TELETRADER News
6/2/2016, 4:35 PM (Source: TeleTrader)
more TeleTrader news

Canada faces housing bubble

Trading day in Canada started with caution on Thursday, in tune with the atmosphere seen on the Wall Street, where all major indexes fell at the open. Oil prices were sliding as another meeting of the Organization of the Petroleum Exporting Countries (OPEC) in Austria failed to settle rules and levels of production. Canada is not an OPEC-member, but is a significant producer and exporter of oil. Movements in oil prices and other commodities have a huge influence on the economy of over 36 million people and closely connected to its southern neighbour, the United States of America.

The Toronto's S&P/TSX Composite index recovered previous losses and added 0.15% to 14,084 points, some 45 minutes into the trading session. Expectedly, the leading losers were energy companies: Total Energy Services Inc. lost 4.72%, Calfrac Well Services Ltd. followed down 3.20%, and Paramount Resorts lost 2.70%. On the gaining side were TheraTech up 6.27%, Redknee Solution rose 4.88% and Canaccord Genuity added 4.40%, while Valeant Pharmaceuticals climbed 2.90%.

The Canadian dollar fell 0.28% against its main counterpart, the U.S. dollar, and dropped 1.10% versus the Japanese yen. The loonie was 0.12% weaker compared to the euro by 4:22 p.m. CET.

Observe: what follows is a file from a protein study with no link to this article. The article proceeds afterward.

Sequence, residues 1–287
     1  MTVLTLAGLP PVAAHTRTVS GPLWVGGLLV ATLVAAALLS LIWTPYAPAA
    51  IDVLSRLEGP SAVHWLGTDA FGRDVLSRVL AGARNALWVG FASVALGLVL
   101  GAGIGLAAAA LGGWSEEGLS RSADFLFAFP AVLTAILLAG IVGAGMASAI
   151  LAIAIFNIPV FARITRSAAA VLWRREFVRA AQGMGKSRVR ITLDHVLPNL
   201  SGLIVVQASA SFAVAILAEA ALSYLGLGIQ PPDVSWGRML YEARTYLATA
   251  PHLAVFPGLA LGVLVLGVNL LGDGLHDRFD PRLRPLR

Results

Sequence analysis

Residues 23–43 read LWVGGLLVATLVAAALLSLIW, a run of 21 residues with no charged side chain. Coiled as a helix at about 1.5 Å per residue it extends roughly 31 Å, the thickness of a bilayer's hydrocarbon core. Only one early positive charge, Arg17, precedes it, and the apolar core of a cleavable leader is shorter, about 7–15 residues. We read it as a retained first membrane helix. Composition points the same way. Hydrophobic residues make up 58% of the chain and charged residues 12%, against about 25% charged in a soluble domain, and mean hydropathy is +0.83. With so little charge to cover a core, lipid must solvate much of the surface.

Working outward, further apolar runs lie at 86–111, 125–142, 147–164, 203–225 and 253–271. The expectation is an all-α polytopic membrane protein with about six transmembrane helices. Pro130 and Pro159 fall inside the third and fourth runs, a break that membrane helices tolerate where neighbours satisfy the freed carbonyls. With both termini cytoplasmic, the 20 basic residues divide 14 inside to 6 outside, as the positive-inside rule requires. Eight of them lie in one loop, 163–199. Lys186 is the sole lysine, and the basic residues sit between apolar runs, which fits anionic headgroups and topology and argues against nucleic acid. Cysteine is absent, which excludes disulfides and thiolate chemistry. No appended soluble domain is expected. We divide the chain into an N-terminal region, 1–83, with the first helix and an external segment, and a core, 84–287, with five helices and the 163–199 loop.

On the side with commodity prices, there is another crisis looming in Canada. The government in Ottawa said it was prepared to take further action against skyrocketing home prices in Vancouver and Toronto. This run into stiff opposition on Toronto's Bay Street, the financial and business center of the country. Authorities in Ottawa have already increased the minimum down payment required for homes costing more than CA$500,000. Those changes appear to have made little, if any, effect on prices in the two main property markets. Chief executive officers of National Bank and Scotiabank have urged for yet another increase of amount of money a homebuyer must pay up front.

The government also received support from the Organization of Economic Cooperation and Development (OECD), which said that so-called macro-prudential measures should be "tightened further and target regionally."

Breaking the News / ZR